It's currently in prototype stages apparently, so there's no final name. At the time of writing Sony is calling it the Walkman Mobile Entertainment Player, though we'd bet our bottom dollar that it'll be dubbed something fancy like the 'Spruce' or 'Lifesonic' for when it actually goes on sale. Packed with apps and with a massive touchscreen up front, this device will compete with Apple's iPod touch
We've toyed with the Android Walkman, and both the hardware and software seem complete to us, so we wouldn't be at all surprised to see this hitting the shelves in the next few months, in time for Christmas. Read on for our first impressions, and what you can expect from a Walkman that runs Android.
In terms of styling, this Walkman looks a bit like a Sony Ericsson Xperia Arc
on steroids. It's got the same curving edge along the top and bottom, and if you turn it sideways you can see that there's a shallow dent in the back, giving the device an arched appearance.
Along the back there's the splodgy Walkman logo against a deep blue background, and down the right of the player there's a dedicated Walkman button, for quick access to music on the player.
We'd like to see a few playback controls on the device itself -- something that bugs us about using an iPhone
or iPod touch to listen to music while on the move is that we need to actually pull the thing out of our pockets to change track, making us 100 percent more muggable.
That's something Sony could stick on this player to give it an edge -- perhaps that dedicated Walkman button could play/pause the music with one press, skip forward with another and skip back with a triple-tap, like the in-line remote controls you find on headphones built for the iPod.
This Walkman has an absolutely massive touchscreen plastered over the front. It's a 4.3-inch display, which is the same size as the panels on enormous smart phones like the HTC Desire HD
We wonder if the screen is perhaps too big -- for years we've seen MP3 players shrink down to be as tiny as possible, so a return to the pocket-filling devices of yesteryear may seem a bit strange. There's no phone functionality on this Android Walkman, so you'll still have to carry a phone around with you. There's no camera on it either so if you're fond of taking a few snaps while on the move, this won't fill that gap.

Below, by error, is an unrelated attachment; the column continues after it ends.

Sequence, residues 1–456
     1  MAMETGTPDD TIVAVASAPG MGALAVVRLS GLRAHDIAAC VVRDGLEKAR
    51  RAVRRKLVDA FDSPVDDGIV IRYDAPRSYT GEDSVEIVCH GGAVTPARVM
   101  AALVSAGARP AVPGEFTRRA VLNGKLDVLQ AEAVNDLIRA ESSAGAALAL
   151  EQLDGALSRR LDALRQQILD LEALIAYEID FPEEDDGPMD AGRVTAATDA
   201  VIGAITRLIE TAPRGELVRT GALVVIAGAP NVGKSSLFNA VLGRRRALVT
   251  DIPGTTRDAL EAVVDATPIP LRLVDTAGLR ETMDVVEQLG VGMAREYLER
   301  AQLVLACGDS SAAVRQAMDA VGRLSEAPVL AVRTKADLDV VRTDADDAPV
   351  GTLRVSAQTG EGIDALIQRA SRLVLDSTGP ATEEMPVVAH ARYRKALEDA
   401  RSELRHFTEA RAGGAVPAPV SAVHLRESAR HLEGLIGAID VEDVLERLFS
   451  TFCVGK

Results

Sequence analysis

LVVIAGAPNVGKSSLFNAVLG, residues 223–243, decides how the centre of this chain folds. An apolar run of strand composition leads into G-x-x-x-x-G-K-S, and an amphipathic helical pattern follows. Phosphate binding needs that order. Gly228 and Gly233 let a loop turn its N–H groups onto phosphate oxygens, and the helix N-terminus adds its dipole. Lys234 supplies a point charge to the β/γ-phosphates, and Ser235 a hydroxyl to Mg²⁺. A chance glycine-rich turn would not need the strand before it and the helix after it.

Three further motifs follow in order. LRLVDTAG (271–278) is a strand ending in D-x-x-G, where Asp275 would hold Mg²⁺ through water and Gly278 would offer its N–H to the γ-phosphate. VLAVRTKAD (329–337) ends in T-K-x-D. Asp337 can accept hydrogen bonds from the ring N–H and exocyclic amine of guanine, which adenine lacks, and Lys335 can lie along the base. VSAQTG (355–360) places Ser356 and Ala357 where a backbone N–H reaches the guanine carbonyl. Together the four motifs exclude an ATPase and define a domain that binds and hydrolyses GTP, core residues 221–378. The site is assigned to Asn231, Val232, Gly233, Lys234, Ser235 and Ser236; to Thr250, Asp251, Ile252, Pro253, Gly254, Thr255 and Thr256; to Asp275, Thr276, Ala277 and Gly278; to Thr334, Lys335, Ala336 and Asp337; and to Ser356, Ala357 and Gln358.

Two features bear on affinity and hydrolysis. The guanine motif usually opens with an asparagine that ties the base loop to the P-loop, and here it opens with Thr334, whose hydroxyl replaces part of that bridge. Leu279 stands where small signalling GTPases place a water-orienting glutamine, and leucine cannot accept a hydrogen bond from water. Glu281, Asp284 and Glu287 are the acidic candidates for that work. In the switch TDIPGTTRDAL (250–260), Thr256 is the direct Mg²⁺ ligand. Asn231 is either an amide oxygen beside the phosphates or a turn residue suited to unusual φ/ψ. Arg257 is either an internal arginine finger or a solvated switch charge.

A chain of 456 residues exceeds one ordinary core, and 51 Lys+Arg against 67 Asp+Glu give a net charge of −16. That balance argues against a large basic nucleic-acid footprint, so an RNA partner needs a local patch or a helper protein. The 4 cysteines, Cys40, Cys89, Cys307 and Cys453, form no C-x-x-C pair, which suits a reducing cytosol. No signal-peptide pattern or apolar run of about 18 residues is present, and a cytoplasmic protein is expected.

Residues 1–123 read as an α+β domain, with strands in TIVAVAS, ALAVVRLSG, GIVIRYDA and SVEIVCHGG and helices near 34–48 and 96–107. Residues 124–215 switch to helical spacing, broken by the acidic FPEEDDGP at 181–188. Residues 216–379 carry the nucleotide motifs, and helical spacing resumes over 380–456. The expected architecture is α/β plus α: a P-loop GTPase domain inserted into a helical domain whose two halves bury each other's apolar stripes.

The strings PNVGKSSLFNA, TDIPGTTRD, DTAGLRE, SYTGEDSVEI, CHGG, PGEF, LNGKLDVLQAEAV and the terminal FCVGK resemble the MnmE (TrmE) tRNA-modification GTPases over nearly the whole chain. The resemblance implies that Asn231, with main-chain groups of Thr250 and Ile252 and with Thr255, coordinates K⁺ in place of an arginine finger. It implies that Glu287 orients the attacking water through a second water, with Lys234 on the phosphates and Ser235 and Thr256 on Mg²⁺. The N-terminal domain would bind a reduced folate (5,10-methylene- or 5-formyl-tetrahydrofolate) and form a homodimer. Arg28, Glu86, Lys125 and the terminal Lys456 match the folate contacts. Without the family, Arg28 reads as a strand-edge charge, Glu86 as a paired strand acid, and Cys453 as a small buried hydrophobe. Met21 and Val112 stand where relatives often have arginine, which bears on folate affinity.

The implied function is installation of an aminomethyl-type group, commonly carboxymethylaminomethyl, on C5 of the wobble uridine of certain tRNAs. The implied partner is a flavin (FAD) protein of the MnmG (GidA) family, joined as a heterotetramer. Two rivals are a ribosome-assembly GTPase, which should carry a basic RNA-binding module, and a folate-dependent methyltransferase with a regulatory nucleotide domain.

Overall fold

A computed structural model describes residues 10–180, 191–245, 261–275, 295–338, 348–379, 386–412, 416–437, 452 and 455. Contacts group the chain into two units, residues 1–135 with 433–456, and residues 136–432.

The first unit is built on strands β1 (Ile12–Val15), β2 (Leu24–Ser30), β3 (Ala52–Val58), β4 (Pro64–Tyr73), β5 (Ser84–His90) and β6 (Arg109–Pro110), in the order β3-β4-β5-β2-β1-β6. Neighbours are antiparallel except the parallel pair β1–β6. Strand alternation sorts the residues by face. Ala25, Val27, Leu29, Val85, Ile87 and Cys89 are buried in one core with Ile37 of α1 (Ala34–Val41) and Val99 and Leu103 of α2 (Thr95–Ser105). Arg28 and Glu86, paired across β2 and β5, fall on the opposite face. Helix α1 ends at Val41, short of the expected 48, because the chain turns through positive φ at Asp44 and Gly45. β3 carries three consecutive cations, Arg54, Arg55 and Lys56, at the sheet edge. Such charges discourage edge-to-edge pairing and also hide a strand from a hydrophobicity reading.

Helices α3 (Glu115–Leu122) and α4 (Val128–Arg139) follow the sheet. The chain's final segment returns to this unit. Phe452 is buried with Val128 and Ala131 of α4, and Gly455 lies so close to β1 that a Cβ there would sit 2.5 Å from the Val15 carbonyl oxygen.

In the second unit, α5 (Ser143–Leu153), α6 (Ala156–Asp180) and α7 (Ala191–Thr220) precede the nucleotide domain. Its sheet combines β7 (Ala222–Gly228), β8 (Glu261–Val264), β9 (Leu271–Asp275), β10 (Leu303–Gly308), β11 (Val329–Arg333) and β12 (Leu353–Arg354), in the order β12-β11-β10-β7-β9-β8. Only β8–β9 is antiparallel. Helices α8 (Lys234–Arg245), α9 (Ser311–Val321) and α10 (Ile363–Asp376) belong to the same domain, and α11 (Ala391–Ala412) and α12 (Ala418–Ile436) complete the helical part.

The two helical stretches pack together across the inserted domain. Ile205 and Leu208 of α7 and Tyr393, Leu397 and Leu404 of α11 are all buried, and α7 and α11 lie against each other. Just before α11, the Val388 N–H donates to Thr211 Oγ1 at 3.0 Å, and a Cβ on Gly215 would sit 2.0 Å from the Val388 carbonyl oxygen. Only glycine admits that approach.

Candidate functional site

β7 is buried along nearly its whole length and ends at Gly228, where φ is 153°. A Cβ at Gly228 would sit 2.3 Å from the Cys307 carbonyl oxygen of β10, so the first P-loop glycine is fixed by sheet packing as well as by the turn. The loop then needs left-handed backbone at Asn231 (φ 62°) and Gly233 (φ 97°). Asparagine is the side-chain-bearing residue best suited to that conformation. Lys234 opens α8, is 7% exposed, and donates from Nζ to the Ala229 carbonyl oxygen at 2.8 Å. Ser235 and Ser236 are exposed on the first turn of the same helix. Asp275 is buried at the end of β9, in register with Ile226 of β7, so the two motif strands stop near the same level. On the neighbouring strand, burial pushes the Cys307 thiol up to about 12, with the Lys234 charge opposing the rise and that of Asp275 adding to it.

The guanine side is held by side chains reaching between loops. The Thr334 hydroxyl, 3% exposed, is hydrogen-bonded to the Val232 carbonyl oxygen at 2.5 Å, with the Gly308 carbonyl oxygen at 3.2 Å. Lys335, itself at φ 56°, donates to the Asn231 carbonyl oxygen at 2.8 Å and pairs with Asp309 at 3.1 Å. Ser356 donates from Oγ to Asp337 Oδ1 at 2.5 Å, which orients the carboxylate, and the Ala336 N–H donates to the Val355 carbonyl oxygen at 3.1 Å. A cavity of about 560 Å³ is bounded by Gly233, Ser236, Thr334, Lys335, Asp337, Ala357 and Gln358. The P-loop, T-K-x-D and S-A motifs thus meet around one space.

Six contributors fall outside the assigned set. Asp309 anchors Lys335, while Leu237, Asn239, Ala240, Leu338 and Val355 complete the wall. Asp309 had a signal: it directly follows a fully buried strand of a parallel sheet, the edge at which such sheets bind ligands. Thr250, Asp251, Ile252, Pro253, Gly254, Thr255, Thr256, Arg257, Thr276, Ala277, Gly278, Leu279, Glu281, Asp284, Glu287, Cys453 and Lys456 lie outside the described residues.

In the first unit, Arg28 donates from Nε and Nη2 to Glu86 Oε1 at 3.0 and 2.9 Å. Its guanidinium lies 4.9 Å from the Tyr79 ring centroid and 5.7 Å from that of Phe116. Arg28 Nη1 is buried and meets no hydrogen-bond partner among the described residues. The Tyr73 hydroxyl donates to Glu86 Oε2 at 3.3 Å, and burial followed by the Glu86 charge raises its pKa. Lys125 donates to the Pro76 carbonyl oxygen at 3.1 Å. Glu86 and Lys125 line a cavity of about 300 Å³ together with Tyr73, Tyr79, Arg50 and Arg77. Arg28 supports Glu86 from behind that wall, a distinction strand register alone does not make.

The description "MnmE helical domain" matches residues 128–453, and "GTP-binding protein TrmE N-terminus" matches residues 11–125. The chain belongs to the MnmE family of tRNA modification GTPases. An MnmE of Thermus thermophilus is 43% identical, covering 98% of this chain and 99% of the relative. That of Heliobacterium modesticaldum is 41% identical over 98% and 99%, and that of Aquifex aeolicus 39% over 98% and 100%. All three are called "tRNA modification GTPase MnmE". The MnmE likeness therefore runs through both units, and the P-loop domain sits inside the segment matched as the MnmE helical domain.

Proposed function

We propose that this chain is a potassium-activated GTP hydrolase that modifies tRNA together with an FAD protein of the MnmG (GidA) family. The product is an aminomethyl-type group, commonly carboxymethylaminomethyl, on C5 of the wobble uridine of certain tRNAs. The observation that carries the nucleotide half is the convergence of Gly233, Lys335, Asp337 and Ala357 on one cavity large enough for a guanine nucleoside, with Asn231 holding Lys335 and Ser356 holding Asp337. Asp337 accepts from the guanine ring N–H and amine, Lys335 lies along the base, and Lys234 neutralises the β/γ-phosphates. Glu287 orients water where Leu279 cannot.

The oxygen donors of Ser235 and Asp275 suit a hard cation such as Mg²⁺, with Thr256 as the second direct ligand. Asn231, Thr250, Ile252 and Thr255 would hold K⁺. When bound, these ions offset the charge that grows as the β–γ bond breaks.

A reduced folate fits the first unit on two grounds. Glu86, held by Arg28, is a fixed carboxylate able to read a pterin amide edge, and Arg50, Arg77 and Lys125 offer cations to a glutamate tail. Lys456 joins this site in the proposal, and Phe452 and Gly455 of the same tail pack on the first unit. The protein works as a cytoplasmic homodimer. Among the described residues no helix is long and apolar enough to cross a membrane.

That massive screen does mean that the player's usefulness extends far beyond listening to music, though. Videos and movies will look great rendered in massive-o-vision, as will games you download from the Android app store. Sony already has a tonne of slim, pocketable Walkman MP3 players, so we're perfectly happy to let this 4.3-inch monster join the roster at the top end of the scale, catering to anyone who fancies something more than just music from their device. The only risk is that the huge display could sap battery life.
When we heard that Sony was making an Android-powered Walkman, we rolled our eyes so hard they nearly flew out of our sockets. All too often lately manufacturers seem content to throw Google's mobile operating system at their products, expecting it to solve all their problems just by being there.
Once we'd had a go with the Android Walkman though we were feeling much more positive, because Sony appears to have made some effort to tinker with the default Android look, making the player look like it was made for music and video, and not for making phone calls.
Along the bottom of the homescreen there are big, glowing blue buttons that -- once tapped -- will call up either the video player, music player or photo viewer. The music app gets pride of place in the centre, and we noticed a music player widget too, so you can skip track or pause playback from the homescreen, without having to open the app itself.
The music app itself is looking good (though we're wondering what's going to fill most of the screen if your music doesn't come with cover art), and Sony was making much of the ability to stream, or 'throw' your music to a Sony Bravia TV wirelessly via a DLNA connection. If you've already got a Sony TV, that could be useful -- when you get back to your house, just fire the tunes over to your telly for big-speakered fun.
The best thing about Android though is access to the Android Market, where you can sift through thousands of apps to download, making your player potentially a lot more than just an MP3 player. Alternatively Sony has its own cloud-based music service called Music Unlimited, that contains over 10 million tracks.
Traditonally Walkman devices offers better sound quality than their Apple rivals, so anyone who's particularly fussy about audio quality should keep an eye on this player, as we suspect it will pump out extremely sweet noises.
We're not sure how many people wouldn't be better off buying a smart phone, but if Sony can make this Android walkman cheap enough, it could make a great all-round device for strolling around town with, and a tempting alternative to Apple's iPod touch. Stay tuned for more news as it unfolds.